Comment:

    Alpha males win again
    Derek P DiRocco & Zhengui Xia

    Pheromones influence sexual behavior and reproduction in rodents. A new report suggests that neurogenesis induced in the female mouse brain by male pheromones governs the choice of dominant males as mates.

    Flowers are sometimes called the universal language of love, but for many species, that distinction belongs to pheromones, airborne chemicals that provide cues concerning the individual’s social status, health and genetic advantage.

  2. Interestingly, in the last week Nature has also decided to change its mission statement to acknowledge the errors in the previous statement’s gender-exclusive language (“men of science.”)

    Here’s the link from Language Log.

    Also maybe a good topic to plug Adele Mercer’s excellent paper which offers a myriad of arguments in support of the ameliorative use of gender-inclusive language.

  3. Thanks, Rachel! That’s actually a really interesting approach. Instead of switching to gender-inclusive language, they’ve added ‘sic’ after ‘men’. I haven’t seen much discussion of this solution to the problem, but it’s a good idea in cases where one wants to preserve a quote for historical reasons.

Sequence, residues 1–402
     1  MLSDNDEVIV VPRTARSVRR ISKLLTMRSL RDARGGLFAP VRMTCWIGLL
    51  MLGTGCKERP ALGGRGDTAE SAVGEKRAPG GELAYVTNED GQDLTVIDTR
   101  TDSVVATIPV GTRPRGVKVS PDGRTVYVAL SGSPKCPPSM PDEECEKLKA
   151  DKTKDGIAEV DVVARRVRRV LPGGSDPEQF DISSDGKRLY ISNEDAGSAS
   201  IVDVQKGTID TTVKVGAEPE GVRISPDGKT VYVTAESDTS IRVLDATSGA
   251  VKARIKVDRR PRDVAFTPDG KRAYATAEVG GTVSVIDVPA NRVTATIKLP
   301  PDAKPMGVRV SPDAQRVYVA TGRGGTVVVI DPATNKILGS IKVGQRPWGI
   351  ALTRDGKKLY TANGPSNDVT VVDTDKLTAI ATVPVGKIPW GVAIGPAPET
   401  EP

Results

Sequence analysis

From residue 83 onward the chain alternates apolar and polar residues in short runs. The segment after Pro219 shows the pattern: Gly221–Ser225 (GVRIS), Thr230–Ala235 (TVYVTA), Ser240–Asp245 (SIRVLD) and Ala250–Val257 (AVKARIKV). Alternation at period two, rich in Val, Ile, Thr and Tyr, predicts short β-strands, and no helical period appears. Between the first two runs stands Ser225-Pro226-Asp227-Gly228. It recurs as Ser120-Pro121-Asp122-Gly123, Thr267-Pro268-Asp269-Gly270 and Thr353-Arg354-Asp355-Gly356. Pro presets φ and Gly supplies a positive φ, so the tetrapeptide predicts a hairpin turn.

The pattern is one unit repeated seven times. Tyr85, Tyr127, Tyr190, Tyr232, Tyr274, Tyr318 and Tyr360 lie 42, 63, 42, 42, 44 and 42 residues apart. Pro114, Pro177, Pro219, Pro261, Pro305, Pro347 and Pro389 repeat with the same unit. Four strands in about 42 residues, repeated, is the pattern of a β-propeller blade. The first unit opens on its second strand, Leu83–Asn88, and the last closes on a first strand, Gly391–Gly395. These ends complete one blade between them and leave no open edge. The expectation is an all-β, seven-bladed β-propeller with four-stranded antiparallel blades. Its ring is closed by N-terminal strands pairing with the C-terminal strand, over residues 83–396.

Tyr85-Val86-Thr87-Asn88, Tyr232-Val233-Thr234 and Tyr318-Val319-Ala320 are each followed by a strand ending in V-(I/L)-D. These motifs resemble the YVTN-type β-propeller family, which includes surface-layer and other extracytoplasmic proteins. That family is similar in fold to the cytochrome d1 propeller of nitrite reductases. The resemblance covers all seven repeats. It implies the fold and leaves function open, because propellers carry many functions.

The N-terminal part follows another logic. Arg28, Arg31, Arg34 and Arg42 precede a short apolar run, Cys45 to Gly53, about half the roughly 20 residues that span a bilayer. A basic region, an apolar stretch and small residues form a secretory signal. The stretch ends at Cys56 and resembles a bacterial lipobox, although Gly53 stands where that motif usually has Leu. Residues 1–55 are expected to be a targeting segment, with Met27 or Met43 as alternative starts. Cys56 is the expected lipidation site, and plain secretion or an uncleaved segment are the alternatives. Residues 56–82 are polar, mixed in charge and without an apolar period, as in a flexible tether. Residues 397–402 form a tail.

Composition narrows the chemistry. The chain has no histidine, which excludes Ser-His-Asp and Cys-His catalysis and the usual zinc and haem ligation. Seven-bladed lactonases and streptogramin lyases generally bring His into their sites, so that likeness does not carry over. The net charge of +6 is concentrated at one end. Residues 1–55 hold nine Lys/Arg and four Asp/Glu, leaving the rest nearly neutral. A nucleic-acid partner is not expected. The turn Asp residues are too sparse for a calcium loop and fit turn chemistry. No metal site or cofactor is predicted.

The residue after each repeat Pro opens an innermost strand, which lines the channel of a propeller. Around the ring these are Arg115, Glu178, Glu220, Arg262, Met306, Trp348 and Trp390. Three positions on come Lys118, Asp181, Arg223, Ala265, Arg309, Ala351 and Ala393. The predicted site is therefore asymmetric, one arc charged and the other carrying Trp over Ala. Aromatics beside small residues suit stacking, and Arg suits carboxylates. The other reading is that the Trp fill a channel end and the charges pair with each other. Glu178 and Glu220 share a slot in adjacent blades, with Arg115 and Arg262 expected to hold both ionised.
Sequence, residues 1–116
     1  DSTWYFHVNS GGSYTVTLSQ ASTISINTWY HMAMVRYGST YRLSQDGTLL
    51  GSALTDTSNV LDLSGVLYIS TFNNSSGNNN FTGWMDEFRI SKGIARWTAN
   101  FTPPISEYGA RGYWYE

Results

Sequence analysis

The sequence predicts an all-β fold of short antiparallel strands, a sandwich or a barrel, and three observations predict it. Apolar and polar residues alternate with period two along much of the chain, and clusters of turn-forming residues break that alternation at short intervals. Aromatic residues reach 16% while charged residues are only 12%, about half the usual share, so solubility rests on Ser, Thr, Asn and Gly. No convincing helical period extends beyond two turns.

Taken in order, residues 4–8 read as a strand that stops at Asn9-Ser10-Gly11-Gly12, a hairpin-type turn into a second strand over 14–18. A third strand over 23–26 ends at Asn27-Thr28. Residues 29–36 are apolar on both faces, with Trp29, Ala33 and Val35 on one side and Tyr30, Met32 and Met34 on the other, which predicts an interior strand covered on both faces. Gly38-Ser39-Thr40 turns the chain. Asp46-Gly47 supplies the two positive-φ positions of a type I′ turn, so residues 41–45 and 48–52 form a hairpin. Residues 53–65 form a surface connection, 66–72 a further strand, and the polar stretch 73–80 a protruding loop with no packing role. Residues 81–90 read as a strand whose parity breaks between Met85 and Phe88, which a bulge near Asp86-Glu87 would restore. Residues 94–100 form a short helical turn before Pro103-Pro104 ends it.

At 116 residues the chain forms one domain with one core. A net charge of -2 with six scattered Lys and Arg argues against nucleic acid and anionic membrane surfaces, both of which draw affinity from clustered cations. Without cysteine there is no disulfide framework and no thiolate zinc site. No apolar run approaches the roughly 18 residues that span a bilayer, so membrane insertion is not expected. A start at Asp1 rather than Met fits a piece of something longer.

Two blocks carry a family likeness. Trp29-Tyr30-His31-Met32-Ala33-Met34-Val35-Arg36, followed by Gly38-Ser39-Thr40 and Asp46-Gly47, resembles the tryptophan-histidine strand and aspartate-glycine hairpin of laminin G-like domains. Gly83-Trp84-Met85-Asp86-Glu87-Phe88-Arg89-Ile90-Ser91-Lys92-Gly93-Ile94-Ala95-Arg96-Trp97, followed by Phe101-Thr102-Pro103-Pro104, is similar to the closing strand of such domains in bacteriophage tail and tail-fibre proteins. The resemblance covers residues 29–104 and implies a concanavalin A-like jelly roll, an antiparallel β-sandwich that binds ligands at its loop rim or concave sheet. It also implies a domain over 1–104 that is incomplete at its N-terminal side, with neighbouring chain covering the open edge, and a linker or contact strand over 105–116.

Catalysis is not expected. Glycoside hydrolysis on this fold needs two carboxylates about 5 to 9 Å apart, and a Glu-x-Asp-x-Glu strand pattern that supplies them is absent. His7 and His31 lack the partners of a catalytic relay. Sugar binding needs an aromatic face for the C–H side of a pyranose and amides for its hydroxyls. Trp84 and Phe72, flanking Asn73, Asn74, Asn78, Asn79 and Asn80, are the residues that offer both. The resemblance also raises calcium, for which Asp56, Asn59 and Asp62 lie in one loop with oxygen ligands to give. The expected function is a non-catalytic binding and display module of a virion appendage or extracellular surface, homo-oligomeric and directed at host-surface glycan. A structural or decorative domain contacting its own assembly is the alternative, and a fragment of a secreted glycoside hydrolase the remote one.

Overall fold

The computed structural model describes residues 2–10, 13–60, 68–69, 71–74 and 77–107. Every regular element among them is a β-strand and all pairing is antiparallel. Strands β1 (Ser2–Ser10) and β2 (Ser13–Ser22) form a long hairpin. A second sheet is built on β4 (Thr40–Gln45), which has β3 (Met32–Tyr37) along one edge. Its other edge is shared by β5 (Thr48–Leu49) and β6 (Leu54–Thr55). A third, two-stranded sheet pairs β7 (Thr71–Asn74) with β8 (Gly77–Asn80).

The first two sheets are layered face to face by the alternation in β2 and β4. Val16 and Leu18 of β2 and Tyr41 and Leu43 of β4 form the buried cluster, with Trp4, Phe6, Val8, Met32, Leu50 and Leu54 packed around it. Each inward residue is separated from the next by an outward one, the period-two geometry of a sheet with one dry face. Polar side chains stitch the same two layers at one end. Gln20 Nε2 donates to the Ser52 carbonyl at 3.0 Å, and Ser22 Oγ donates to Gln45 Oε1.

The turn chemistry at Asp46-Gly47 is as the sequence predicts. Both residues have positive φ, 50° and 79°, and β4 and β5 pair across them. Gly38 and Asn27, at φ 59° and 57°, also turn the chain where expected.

4. Just a very small point about Rachel McKinney’s post: Please note that the last name of the philosopher to whom Rachel refers is is MERCIER, not “Mercer”.

  5. Rachel,

    Thanks so much for the link. The end of the quote from Nature is odd, particularly since no other initiatives by Nature or anyone else are mentioned.

    They say:

    The small, belated change takes place against the vast backdrop of a scientific world where the upper echelons of academia, academies and prestigious awards are still numerically greatly dominated by men, and where outright discrimination can still rear its ugly head (see page 749). In this context, the insertion of a Latin word in a couple of paragraphs may be a tiny step: but it is at least one in the right direction.

    Huge problems deserve small measures??

    The reference to page 749 is to a letter about how minority women from overseas have some unique problems, and that letter in turn references two other articles, from one of which comes:

    The most recent figures available suggest that Europe is still dealing with significant attrition by women after they’ve earned their PhDs … In 2006, the European Commission (EC) reported that although 40% of PhD students in the natural sciences are female, only 11.3% of the professor, research director and other top positions are occupied by women. In engineering and technology, 21.9% of PhD students are female, but this total dips to 5.8% at the highest levels of academia1.

    In the US, the percentage of women making full prof in the sciences is about 4%. I think, but am not sure, that industry has done much better.